Remember what I keep telling you? That every single word needs to further your plot or develop your character? Take a look at those 55,000 words. Now, stop treating them like teenagers who don't tidy their rooms or bring their dirty plates out into the kitchen, and start treating them like co-workers who are leaving you to do all the heavy lifting whilst going out and getting drunk and coming back and putting their feet on the desks.

Basically, make them work. What about introducing a sub plot to give those 55,000 words something to do? Or a twist to the plot you've got? If you really can't get them to do something, maybe have a think about your plot. Have you got enough to fill an entire novel?

If you are really struggling, and those wretched words have not only taken over the remote but they've eaten all the chocolate too and are now lying back and asking you to make them a coffee - try taking your novel apart. Go through, chapter by chapter and make a list of which characters are doing what in each one. Then sum up each chapter - does it need to be there? What does it achieve in terms of the book as a whole?
Do not let your words tell you this. If they are not dragging your story, kicking and screaming, onto the next act, then they are not working.
And don't let me catch you using the 'really long descriptions' excuse to use up a lot of those flabby middle words. Those are still flabby, they're just wearing flattering clothes.

Sunday, 1 April 2018

Editing: You are now at the 'chop chop arrrgh' stage

All right, calm down. Deep breaths. Now. You've written your novel and you've followed my instructions and you are now staring at pages and pages of scribbled on manuscript, convinced that this is the worst idea you've had since you bought that outboard motor and strapped it to the swimming aids in the local pool.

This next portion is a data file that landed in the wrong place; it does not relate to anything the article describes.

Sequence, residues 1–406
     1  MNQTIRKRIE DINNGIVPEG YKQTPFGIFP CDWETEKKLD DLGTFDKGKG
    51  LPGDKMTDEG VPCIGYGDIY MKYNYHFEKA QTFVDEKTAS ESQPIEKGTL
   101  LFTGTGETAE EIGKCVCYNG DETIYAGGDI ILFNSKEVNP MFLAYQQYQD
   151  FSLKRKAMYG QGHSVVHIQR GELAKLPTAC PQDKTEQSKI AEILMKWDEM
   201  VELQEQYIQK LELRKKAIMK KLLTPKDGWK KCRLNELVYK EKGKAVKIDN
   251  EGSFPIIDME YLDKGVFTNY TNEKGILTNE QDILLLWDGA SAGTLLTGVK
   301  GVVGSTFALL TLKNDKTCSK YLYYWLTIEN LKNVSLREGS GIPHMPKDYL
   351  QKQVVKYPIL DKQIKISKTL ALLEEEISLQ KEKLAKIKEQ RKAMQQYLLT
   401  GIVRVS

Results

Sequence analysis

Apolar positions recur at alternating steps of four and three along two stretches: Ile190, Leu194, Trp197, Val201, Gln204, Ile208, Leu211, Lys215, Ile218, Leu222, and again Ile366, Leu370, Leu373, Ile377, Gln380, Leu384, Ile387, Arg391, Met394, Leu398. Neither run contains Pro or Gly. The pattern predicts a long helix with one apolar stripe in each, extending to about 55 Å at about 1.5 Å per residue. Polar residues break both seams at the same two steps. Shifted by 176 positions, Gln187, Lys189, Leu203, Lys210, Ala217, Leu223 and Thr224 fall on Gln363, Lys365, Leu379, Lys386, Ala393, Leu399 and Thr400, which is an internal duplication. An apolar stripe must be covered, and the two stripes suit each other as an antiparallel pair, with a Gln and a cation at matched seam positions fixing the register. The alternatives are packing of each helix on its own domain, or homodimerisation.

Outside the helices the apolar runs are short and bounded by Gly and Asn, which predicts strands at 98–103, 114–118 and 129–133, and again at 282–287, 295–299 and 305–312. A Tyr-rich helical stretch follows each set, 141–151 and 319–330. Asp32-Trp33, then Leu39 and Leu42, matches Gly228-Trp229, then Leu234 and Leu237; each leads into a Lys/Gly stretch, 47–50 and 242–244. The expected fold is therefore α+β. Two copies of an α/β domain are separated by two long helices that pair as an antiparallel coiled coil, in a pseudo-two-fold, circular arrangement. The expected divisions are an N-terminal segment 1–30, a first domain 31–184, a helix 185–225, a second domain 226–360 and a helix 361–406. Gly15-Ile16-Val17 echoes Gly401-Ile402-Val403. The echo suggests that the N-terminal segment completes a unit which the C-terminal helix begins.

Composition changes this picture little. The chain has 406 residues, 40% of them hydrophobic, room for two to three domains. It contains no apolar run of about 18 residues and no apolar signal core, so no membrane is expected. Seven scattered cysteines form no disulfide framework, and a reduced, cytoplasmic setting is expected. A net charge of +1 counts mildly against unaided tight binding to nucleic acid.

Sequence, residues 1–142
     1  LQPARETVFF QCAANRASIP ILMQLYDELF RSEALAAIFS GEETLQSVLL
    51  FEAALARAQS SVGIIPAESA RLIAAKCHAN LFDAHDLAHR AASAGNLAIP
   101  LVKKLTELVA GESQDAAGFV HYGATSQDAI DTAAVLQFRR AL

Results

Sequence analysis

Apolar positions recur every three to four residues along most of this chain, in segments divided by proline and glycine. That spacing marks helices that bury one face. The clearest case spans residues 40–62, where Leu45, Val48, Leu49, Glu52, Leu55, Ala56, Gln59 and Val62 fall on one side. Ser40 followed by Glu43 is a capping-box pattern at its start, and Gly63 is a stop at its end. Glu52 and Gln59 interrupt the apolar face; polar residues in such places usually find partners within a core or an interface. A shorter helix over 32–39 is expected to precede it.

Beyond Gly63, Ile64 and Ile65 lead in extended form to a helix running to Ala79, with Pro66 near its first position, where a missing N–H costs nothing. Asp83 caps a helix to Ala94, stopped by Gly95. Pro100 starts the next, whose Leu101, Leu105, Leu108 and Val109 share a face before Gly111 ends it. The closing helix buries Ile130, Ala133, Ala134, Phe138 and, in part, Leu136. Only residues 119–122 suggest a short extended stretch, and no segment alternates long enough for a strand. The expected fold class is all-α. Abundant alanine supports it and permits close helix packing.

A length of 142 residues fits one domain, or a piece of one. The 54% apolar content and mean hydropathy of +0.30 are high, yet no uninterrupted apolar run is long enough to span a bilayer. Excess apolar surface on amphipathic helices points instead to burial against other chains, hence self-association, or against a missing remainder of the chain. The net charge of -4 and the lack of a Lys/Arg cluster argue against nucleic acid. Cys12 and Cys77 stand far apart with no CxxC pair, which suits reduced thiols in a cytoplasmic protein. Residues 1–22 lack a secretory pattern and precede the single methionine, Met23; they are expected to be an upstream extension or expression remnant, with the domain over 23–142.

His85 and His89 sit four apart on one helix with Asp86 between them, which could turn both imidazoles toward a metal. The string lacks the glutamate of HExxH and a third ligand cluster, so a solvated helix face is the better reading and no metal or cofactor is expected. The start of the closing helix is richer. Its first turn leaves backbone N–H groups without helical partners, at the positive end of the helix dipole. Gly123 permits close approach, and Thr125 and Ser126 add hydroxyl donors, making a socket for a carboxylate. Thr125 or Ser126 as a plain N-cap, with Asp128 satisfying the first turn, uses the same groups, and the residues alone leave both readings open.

To be honest, that was NOT your finest hour
So now what do you do?

Sit down, have a large cup of tea and a packet of HobNobs, and a think. Do you have one of those Kindle thingies that reads to you? Doesn't matter if not, you can do this with your own voice. If you have got a fancy Kindle, save your manuscript to it and get it to read it aloud to you. If you haven't, then you're going to have to do the DIY version, and read it aloud to yourself. As you go, make notes, and bear in mind that EVERY SINGLE WORD has to earn its place. Remember what I said about huge long descriptions? And lots of words about things that are never going to appear in the book again? I don't want to have to come round and slap your hands...

Notes. Lots of notes.
Thsi is what organised writers do. Apparently
This is the time to move scenes and people around if they don't work where they are. Or kill them, killing them is good - not necessarily really killing them, unless it's that kind of book, but if they don't seem to work, or they appear on the page, say something vital and then go off never to be heard of again - try to think of a different way that information can be got over. Merge two people into one (don't try this in real life, they don't like it). Make your characters REAL. Just take out the boring bits of real life, nobody wants to read about cups of tea, walking the dog, cleaning the toilet...if your characters must do these things then at least have them talking about things RELEVANT TO THE PLOT while they are doing them.

And I cannot stress this enough...every single word you write must advance the plot or deepen the characters. I know you've done lots of research into tree felling, but the readers don't care. They don't need to know how you fell an oak, they just want the characters to do it and move on to the next thing.
Yes, it's complicated. Yes it takes work. But your readers want 'chop chop arrrrgh' not a lecture
In fact you need to get your book distilled down to the 'chop, chop, argggh' stage. Cut out all that flabby prosey stuff, where you describe the night sky for four pages. Readers know what a sky looks like, they want to know what is going to fall out of it.

And, as you cut stuff out, you are going to be thinking 'chop, chop....arrrgh, I love that bit, surely I can leave that in?!' Just think about how important it is to the plot...

Next week I am going to be working on your 'flabby middle'. Won't that be nice?